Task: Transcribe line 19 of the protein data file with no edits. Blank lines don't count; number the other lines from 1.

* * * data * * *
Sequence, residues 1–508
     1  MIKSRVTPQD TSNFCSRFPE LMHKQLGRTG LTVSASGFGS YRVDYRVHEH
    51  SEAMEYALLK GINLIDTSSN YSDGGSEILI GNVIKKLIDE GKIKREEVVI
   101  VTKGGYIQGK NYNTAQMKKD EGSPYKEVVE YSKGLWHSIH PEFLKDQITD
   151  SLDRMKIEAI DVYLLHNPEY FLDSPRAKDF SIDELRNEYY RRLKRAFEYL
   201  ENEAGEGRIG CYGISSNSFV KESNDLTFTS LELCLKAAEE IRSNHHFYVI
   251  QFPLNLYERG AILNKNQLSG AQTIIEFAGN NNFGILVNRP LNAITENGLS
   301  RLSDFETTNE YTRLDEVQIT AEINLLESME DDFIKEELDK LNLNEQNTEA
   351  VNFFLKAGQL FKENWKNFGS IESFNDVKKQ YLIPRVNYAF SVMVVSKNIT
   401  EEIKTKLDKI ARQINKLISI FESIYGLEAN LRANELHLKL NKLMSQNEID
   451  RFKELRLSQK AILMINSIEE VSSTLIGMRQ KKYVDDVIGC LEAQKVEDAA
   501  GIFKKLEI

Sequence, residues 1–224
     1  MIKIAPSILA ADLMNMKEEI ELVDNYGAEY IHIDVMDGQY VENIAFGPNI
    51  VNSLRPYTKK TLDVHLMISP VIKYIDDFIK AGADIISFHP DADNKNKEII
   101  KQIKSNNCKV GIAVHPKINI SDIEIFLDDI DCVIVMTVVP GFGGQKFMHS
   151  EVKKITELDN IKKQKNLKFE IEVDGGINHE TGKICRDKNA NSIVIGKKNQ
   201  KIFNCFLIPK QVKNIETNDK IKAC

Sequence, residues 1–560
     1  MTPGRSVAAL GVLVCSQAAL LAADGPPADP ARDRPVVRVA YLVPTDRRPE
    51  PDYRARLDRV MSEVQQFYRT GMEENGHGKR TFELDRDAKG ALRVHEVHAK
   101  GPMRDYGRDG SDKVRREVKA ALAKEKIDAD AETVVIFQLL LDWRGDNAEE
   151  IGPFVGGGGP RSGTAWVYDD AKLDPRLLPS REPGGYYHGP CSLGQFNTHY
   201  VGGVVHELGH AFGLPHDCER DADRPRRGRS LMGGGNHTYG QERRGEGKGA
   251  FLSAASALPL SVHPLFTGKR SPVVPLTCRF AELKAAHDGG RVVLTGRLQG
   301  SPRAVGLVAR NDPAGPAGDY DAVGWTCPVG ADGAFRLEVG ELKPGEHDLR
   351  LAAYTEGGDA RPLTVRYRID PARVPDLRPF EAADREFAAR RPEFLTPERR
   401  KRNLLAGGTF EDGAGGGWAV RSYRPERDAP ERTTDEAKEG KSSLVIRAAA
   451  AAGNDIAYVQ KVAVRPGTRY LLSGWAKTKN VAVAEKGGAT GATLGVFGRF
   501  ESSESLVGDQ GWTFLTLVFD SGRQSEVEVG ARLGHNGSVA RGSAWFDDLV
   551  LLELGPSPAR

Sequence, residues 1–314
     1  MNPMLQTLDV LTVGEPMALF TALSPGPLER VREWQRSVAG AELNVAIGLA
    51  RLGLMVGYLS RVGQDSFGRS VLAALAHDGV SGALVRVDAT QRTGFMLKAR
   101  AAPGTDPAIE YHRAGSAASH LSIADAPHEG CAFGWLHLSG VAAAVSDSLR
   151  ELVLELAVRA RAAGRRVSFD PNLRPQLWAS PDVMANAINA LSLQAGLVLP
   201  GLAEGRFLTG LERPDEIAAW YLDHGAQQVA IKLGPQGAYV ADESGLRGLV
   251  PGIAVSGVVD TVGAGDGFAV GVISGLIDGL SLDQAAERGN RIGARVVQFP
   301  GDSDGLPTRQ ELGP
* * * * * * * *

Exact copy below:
Sequence, residues 1–560